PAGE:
Steve Collin, Senior Reserves Officer for Woods and Heaths
Walking through the coppice of Honeypot Wood at the end of last year, I found myself marvelling, yet again, at the curious looking Ash stools of this ancient woodland. Coppicing, the tradition of cutting the trees down every few years, allowing them to sprout new shoots and grow again, has over time, produced strange twisted stumps or “stools” that for some reason are extra tall in this wood. As to their unusual height, I’ve heard theories of keeping new growth above flooded ground or out of the reach of hungry rabbits but a woodman that didn’t want to bend his bad back seems more likely an explanation to me. These days we still coppice but not for harvesting materials, as in the past, but to benefit the wildlife that has come to rely on the cycle of light and shade and on the bushy habitat that it produces.
Sadly I found what I was looking for, withered black leaves and dead stems with dark stained lesions on the bark. Another one of our woods has Ash Dieback.
New dots on the Chalara fraxinea map seem to be appearing daily, but this is more likely to be because we are looking for it rather than the rapid spread of this destructive fungus. I gathered samples and double bag them, they are destined for the laboratory for conformation by DNA testing.
I wonder what effect the disease will have on this woodland. How many trees will be infected and how many of these will be killed? What of the wildlife that relies on the Ash trees, the birds, the invertebrates and fungi? Will the lichens and moss, clinging to the branches, survive on the more acidic bark of other trees like Oak? Will less Ash allow a more diverse woodland under storey to develop? An increase in dead wood will certainly bring benefits to wildlife.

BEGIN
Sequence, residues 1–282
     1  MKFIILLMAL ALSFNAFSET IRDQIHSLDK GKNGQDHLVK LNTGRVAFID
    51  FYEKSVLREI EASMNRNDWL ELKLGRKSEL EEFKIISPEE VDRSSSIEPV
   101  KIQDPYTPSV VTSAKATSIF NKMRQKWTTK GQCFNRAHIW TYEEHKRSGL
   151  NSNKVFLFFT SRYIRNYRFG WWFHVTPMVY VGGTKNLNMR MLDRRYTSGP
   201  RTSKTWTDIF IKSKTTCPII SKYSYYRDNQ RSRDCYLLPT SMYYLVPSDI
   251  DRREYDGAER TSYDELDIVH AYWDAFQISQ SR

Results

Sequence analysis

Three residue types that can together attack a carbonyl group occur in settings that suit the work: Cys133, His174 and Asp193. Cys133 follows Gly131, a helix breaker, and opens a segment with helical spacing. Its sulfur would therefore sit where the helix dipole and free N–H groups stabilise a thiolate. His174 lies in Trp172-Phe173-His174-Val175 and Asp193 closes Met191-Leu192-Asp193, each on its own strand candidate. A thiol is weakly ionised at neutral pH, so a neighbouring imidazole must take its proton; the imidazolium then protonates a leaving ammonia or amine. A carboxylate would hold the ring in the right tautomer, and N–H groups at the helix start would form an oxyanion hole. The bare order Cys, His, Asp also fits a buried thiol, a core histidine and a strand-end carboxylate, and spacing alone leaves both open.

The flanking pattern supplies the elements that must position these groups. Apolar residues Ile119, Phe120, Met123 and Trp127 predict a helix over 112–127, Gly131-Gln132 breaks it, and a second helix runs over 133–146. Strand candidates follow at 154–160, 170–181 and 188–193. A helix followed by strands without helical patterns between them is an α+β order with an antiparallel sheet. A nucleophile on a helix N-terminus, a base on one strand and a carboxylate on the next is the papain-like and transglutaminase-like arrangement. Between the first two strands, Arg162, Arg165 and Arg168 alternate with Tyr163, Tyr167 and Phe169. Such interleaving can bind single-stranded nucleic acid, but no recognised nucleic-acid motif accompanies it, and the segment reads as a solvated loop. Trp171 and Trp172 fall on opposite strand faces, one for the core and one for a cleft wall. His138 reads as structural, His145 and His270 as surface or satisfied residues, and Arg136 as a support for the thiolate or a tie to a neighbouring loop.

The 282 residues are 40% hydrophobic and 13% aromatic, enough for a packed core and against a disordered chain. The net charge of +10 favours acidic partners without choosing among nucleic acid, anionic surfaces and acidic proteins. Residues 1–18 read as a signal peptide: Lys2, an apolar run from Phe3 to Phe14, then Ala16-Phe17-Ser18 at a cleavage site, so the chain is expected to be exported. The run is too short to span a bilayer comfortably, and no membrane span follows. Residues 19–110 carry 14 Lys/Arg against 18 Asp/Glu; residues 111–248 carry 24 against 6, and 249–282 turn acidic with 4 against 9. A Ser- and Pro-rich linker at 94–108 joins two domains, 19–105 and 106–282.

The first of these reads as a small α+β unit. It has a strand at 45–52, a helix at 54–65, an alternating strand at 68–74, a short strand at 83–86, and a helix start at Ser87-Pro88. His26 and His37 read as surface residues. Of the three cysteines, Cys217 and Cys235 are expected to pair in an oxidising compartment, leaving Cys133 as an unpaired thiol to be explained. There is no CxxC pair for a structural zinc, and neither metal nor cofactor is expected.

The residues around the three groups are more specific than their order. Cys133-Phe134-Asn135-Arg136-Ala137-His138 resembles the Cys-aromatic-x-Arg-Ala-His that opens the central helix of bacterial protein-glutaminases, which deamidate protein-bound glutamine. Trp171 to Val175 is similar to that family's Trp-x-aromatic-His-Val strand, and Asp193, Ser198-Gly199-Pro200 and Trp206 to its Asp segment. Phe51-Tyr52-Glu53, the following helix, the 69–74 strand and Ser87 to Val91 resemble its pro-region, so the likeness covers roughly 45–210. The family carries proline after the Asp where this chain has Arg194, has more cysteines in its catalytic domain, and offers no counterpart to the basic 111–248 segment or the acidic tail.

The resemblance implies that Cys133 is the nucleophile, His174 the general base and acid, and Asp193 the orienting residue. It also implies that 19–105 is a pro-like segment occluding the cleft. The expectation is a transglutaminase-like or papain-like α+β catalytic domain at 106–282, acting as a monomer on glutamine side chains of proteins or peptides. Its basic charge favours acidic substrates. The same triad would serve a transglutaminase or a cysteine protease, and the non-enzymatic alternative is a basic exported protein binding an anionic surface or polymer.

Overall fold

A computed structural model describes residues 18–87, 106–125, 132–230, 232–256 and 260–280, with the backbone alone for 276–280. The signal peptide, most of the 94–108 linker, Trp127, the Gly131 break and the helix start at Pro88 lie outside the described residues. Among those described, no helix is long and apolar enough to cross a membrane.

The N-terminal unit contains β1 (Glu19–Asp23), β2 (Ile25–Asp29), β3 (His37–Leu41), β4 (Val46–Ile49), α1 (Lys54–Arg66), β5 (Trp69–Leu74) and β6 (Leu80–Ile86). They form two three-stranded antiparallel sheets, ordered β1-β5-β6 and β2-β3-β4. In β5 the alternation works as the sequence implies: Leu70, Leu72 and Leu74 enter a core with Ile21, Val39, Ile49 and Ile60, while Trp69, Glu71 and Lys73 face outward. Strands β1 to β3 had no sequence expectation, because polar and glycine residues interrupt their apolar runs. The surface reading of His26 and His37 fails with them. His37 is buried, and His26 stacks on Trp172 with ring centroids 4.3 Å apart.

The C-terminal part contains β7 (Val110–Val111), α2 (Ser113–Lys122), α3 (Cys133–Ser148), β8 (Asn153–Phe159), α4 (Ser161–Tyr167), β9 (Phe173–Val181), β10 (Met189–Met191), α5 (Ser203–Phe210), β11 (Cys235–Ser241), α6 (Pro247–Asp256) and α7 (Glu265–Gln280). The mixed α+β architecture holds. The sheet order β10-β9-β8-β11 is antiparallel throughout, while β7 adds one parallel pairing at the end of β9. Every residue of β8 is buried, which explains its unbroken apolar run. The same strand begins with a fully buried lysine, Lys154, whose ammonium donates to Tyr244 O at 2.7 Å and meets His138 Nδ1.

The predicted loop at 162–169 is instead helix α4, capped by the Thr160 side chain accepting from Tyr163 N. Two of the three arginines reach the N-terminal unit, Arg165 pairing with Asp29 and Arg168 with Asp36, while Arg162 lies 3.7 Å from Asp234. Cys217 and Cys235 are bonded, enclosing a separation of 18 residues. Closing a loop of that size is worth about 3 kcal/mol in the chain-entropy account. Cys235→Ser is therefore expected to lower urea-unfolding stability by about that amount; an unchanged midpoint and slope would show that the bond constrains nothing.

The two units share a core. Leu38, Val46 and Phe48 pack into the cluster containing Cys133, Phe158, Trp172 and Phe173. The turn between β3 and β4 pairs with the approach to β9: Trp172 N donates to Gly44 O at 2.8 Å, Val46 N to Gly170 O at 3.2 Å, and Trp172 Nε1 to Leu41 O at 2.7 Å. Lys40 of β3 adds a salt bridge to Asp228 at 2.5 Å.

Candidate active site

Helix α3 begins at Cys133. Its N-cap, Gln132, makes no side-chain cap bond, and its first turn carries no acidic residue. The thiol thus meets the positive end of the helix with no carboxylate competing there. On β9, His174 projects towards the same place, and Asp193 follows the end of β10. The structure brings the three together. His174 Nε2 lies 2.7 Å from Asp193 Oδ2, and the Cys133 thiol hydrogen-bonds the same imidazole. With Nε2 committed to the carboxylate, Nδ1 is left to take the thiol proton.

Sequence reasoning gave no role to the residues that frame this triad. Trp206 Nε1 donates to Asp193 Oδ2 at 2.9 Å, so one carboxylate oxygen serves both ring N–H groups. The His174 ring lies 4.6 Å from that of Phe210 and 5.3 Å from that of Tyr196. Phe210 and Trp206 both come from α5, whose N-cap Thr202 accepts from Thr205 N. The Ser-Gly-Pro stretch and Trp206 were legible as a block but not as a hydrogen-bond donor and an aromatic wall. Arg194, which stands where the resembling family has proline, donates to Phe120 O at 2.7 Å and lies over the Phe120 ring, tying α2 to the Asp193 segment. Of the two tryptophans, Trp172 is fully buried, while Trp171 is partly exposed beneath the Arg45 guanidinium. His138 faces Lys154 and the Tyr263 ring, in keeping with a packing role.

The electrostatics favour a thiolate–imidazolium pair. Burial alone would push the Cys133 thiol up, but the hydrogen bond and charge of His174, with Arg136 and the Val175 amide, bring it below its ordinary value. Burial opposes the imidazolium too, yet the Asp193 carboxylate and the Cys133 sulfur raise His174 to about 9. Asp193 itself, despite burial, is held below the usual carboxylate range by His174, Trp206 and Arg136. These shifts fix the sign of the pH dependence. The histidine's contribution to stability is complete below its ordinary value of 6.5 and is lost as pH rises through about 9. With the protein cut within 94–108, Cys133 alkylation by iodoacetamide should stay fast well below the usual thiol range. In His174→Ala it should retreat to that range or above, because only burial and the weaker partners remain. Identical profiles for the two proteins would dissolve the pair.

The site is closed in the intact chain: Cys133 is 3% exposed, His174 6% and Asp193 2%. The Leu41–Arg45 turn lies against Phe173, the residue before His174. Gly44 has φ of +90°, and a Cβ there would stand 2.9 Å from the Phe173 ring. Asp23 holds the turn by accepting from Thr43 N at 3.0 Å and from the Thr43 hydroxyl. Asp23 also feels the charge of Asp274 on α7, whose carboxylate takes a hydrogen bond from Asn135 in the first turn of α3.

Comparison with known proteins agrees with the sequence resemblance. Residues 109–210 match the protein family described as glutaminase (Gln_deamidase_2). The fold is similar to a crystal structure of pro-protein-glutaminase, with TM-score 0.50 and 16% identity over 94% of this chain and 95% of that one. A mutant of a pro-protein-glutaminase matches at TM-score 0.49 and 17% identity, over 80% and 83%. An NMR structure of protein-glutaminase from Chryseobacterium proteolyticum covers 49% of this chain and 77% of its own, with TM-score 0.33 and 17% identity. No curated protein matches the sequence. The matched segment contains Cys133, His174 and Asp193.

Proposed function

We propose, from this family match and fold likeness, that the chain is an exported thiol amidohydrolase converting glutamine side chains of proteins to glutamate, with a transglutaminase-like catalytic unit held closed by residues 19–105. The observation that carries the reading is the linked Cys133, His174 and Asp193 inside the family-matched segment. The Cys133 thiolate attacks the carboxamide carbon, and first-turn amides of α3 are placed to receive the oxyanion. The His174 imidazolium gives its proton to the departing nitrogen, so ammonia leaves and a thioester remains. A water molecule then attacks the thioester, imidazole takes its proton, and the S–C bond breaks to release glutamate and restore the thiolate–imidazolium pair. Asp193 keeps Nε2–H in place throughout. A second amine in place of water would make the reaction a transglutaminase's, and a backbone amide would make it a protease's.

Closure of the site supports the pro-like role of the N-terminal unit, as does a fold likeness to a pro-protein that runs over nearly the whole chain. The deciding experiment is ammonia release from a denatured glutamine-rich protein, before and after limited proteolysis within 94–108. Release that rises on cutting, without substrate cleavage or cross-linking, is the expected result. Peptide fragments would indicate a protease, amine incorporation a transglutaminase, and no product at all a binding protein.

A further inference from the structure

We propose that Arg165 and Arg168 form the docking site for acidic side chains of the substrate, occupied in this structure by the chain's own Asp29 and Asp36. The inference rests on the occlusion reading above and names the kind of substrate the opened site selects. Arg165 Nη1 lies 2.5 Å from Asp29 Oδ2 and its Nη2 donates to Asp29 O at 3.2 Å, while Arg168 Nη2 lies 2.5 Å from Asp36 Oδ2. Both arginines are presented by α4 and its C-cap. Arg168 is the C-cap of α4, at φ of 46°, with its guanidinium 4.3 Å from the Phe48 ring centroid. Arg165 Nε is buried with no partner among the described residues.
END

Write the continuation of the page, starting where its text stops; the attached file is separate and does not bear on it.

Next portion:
There are so many confusing and conflicting accounts of what damage has been done to the population of Ash trees on the continent it is difficult to know what it means for our woodlands.
Many are saying that the hope for the future will rely on finding strains of Ash that show some resistance to Chalara and allowing these to propagate their genes. If these genes do exist surely they will be found in ancient woodlands like this one.
Nature frequently adapts and overcomes, the old earth works and cracked concrete are reminders of how much change this woodland has seen in its long history. The RAF stored bombs here during the second world war, and the ability of nature to claim back what was destroyed, is astonishing.
As I scrubbed any risk of contamination off my boots I thought back to all the cases of Chalara I’ve seen in our woods since first spotting it way back in mid-September. I am not surprised to find Chalara in Honeypot Wood but I am surprised at how little of it I’ve found. Is this just because the infection is only in the very early stages or dare I hope I am witnessing some level of resistance? Maybe things will be clearer in 2013. Watch this space!